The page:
MBCT :: Mindfulness-Based Cognitive Therapy
February 16-21, 2014 • EarthRise Retreat Center, Petaluma, CA
Early-Bird Registration Fee: $1,125 + Room & Board
Mindfulness Based Cognitive Therapy (MBCT), is an innovative, empirically validated treatment program designed to prevent relapse in people who have recovered from unipolar depression. Self-knowledge grounded in sustained meditative awareness is its central tenet. Based on the research of Drs. Zindel Segal, Mark Williams, and John Teasdale and documented in their book Mindfulness Based Cognitive Therapy for Depression, the program integrates tools of cognitive therapy with the practice and clinical application of mindfulness meditation.
The heart of MBCT lies in acquainting patients with the modes of mind that often characterize mood disorders while simultaneously inviting them to develop a new relationship to these modes. Patients learn to view thoughts as events in the mind, independent of their content and emotional charge. They need not be disputed, fixed or changed but are held in a more spacious awareness, large enough to contain aspects of the self deemed both broken and whole.
Registration will be limited for this intensive workshop/retreat in order to cultivate an intimate, personal and highly interactive training environment. Led by senior therapists, mindfulness teachers and retreat leaders Zindel Segal, PhD, Steven Hickman, PsyD and Sarah Bowen, PhD, this training emphasizes the importance of the clinician’s own meditation practice and self-inquiry. Through role-play, simulated classroom and patient-practitioner encounters, it explores the actual application of mindfulness practices in working with clients. The curriculum integrates didactic, experiential and small group learning and includes daily meditations, yoga/mindful movement, and periods of silence.
The curriculum explores our ability to clearly experience, in the midst of our everyday lives, the interplay of thoughts, emotions, and bodily sensations–the experiential phenomena known to cause relapse–and how awareness of these domains accurately informs or distorts our capacity to understand ourselves and work with others. The content and curriculum of each MBCT class session is explored in detail, and descriptions of session themes, curricula, and samples of client handouts are provided. (The workshop format requires that participants be housed and fed on-site.)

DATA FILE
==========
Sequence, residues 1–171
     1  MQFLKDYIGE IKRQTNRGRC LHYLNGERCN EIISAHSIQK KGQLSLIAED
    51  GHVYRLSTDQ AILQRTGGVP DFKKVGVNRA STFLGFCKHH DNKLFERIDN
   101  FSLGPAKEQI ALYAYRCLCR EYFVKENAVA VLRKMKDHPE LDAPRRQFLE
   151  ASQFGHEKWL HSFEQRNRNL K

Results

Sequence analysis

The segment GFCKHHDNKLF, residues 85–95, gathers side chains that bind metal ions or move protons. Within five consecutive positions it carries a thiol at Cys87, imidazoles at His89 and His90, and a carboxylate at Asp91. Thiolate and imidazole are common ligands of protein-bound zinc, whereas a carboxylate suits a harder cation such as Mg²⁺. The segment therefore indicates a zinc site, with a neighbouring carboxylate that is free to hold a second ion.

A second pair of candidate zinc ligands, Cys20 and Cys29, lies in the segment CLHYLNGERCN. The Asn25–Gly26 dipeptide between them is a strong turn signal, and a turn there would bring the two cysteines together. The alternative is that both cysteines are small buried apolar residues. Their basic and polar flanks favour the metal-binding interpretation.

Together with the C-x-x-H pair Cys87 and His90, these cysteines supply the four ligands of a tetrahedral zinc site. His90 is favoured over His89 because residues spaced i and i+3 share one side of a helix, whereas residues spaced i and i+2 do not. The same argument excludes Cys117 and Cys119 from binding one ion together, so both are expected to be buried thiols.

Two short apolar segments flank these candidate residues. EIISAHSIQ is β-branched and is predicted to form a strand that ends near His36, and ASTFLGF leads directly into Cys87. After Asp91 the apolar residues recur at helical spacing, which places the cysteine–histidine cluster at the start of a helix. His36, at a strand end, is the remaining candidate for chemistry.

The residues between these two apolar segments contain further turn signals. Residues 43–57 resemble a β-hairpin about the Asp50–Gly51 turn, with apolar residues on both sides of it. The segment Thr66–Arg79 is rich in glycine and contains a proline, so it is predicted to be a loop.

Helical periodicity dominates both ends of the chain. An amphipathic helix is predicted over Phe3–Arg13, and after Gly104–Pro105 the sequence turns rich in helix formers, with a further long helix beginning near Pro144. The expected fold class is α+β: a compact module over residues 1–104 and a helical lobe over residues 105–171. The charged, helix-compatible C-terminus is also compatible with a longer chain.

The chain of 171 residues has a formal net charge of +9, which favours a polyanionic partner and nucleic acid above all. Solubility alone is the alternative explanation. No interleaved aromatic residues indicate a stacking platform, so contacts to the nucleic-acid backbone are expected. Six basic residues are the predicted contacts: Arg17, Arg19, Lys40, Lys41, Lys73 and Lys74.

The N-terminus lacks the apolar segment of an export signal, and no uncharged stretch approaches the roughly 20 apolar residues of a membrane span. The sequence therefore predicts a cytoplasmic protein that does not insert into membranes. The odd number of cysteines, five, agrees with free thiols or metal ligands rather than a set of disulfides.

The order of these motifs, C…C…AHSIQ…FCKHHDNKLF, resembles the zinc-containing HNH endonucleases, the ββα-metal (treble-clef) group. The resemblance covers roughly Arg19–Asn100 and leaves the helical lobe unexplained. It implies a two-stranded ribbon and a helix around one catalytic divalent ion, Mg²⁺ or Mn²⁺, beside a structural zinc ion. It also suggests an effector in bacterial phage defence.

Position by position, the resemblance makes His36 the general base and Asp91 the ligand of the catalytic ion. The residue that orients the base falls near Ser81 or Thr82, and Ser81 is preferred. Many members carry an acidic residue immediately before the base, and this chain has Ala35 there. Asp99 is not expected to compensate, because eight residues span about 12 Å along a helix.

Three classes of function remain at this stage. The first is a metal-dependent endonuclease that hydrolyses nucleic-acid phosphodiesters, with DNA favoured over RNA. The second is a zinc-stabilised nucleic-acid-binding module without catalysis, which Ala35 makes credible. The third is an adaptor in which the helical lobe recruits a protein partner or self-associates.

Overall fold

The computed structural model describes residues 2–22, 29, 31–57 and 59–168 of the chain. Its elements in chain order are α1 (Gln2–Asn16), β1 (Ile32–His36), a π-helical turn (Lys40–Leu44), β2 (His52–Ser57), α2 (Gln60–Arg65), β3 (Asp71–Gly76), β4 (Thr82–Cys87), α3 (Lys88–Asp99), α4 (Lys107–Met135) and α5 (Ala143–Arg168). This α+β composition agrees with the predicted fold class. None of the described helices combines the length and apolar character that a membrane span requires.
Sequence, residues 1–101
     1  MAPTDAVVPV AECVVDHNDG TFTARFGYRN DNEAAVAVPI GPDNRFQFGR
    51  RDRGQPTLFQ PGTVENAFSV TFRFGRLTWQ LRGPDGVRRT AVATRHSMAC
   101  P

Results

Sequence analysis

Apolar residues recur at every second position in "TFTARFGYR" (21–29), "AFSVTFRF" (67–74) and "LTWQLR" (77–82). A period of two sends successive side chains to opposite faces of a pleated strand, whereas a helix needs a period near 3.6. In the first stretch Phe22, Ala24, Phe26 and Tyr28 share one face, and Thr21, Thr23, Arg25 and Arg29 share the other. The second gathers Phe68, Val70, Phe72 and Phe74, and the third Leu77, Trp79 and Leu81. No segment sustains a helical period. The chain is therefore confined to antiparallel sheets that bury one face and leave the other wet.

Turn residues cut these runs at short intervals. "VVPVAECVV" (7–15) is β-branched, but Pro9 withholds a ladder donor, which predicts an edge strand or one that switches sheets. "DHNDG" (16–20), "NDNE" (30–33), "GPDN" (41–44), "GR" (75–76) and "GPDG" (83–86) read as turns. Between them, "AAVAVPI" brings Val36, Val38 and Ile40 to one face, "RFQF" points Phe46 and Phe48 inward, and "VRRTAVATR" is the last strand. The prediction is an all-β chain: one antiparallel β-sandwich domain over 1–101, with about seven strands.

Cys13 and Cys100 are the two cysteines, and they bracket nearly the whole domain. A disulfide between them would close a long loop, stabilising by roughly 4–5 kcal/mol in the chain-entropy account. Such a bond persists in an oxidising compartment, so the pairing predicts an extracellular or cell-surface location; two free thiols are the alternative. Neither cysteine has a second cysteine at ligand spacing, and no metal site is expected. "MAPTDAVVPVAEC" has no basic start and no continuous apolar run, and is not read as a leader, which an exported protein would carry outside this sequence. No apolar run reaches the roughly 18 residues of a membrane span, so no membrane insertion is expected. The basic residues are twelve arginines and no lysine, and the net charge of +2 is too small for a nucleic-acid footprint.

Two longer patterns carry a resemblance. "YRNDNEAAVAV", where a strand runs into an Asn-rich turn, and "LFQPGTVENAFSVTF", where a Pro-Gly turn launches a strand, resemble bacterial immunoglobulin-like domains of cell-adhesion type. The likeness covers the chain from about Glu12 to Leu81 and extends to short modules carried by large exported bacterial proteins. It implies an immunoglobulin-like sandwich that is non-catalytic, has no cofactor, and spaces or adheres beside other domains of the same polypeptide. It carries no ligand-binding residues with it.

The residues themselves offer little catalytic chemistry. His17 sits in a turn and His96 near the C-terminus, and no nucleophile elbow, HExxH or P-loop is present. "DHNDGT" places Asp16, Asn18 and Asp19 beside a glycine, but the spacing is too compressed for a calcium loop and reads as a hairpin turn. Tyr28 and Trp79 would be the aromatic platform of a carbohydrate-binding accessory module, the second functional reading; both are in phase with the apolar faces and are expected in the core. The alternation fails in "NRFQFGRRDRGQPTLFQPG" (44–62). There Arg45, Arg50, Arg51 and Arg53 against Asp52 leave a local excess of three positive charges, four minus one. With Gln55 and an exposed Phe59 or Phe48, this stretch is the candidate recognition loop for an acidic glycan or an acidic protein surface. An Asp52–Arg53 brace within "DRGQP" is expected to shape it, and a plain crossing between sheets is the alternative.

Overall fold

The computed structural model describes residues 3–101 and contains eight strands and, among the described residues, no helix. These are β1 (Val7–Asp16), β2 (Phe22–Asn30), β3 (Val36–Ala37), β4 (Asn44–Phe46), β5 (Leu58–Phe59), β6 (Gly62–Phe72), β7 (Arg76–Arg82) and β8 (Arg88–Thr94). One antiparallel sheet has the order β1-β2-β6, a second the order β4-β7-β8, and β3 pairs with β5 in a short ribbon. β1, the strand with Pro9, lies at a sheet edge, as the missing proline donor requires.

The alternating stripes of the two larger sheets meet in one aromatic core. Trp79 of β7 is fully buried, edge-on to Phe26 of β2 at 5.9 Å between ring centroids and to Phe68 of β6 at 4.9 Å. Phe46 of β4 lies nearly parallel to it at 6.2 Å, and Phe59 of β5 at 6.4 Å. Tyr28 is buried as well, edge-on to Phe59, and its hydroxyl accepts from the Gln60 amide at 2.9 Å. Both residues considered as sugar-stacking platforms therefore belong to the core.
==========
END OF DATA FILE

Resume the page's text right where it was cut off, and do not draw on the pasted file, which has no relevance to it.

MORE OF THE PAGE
At the completion of this activity, the participants should be able to:
This 5-day intensive workshop is intended for mental health professionals wishing to expand their practice to include MBCT and mindfulness-related practices. Those in attendance should be either licensed clinicians in a mental health field, clinicians-in-training, or interested professionals who do not intend to deliver the intervention directly but have other professional interests in the topic (i.e. researchers, administrators, etc.). All participants should have at least a modest regular meditation practice and an established practice is preferred.
It is our experience that successful delivery of MBCT requires facilitators to have a commitment to an ongoing, daily mindfulness meditation practice. To this end we have created recommendations for acceptance to this MBCT training.
The utilization of mindfulness in a clinical context is a burgeoning area of study and practice in the mental health field in the past few years. The number of research articles, books and popular press articles on the topic is growing exponentially each year and the demand for quality professional training in these practices and techniques is growing each year. This training has been offered for the past five years through the UC San Diego Center for Mindfulness, with increasing enrollments each year, as well as at other sites across the country and around the world.
UC San Diego School of Medicine, Continuing Medical Education 2251 San Diego Ave., A-160 San Diego, CA 92110-2981
Content is subject to change without notice. Please refer to the activity website for the most current information.